Jawbone UP MOVE – Body tracking for the mass market

Chris Davies - Nov 4, 2014, 11:00pm CST
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Jawbone UP MOVE – Body tracking for the mass market

Jawbone has clearly taken leave of its senses, if the new UP MOVE is anything to go by. Taking the fitness and sleep tracking that made the UP24 a hit, and then packaging it in a tiny clip-on dongle with six month battery life, the UP MOVE not only promises liberation away from the charger but at a fraction of the UP24’s price. $49.99 gets you the sort of wearable tracking abilities that, not long ago, would’ve cost you three times the amount. I caught up with Jawbone to find out what the big idea is, and why luxury cars might represent the best explanation for the UP MOVE.

According to Jawbone’s Travis Bogard, vice president of product management and strategy, the UP MOVE is the equivalent of a MINI while a regular UP band – like the new UP3 also announced today – is a BMW. Slotting in-between the UP24 (at $129.99) and the free UP app, the dongle is Jawbone’s play for entry-level wearable buyers curious about the possibility of tracking their data, but wary of spending big money on a device they may not stick with.

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What they get for their fifty bucks is, well, a frankly surprising amount. In fact, just about everything the UP24 can do, so the UP MOVE can too: step counting, sleep tracking (with light/deep phase calculation), and a real-time Bluetooth Smart connection with your iPhone or Android device to feed the results back into the app.

In fact, the only thing missing is the smart alarm feature of the UP24, which tries to wake you at the most timely point of the morning according to your current sleep phase. Instead – and arguably more useful – is a clock feature, which uses LEDs built into the molded plastic fascia of the UP MOVE to tell the time.

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Those LEDs, running in a ring of twelve segments around the edge, normally show current step status. The whole front is a button: click it once, and the LEDs race round to show how close to your daily goal you are. Double-click it, and you get two LEDs to show the hour and current five-minute interval.

Press and hold, meanwhile, and you put the UP MOVE into sleep tracking mode, with the lights showing your results from the previous night. A further long-press switches back into daytime mode, with small icons lighting up in the middle to show which is active.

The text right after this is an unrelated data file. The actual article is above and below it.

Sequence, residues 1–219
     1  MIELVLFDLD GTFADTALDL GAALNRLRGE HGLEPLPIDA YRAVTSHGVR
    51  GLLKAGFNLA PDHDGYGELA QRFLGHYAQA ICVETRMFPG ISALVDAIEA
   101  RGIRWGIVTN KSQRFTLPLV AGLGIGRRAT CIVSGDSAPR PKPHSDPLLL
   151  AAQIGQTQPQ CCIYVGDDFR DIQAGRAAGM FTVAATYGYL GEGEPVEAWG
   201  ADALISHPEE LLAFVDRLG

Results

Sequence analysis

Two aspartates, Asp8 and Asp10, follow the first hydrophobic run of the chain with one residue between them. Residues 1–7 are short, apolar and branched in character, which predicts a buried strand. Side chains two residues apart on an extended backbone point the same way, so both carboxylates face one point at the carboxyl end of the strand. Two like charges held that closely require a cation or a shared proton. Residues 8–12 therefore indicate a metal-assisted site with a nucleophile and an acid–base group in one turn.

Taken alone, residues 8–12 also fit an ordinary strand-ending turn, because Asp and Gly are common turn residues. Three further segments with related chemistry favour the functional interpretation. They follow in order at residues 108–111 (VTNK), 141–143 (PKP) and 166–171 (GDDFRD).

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It’s a cute little light show, but what impressed me most was the build quality and design. Jawbone may have been building to a budget, but it’s still sturdy and feels more premium than some other fitness dongles I’ve tried. The anodized aluminum body slots into either a clip or a wrist strap, the latter made of hypoallergenic silicon rubber, giving a choice of either discretely slotting it onto your pocket or sock, or wearing it more obviously on your wrist.

It’s water-resistant, so can be worn in the shower or while doing the washing up, and the battery is a regular button cell and can be replaced after what Jawbone says should be around six months of life. In all, it’s a really successful design and one that belies the price tag; Bogard tells me that Jawbone “pushed down the margin expectations,” in favor of less profit but a more charming device that people would be more likely to stick with.

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Coming alongside the UP MOVE is a new version of the UP app, for iOS and Android. UP 4.0 will add a Smart Coach feature, among other things, which promises to pull together all of the suggestions, milestones, and prompts introduced in UP 3.0 into the core timeline. It’ll be a free download and work with existing UP and UP24 bands, too.

The Jawbone UP MOVE will go on sale Friday, November 5th, priced at $49.99. It’ll be offered in a choice of five color combinations – black with an onyx clip; blue with a fog clip; grape with a purple clip; ruby with a red clip; and slate with a yellow clip – with wrist straps priced at $14.99 each or three for $29.99.



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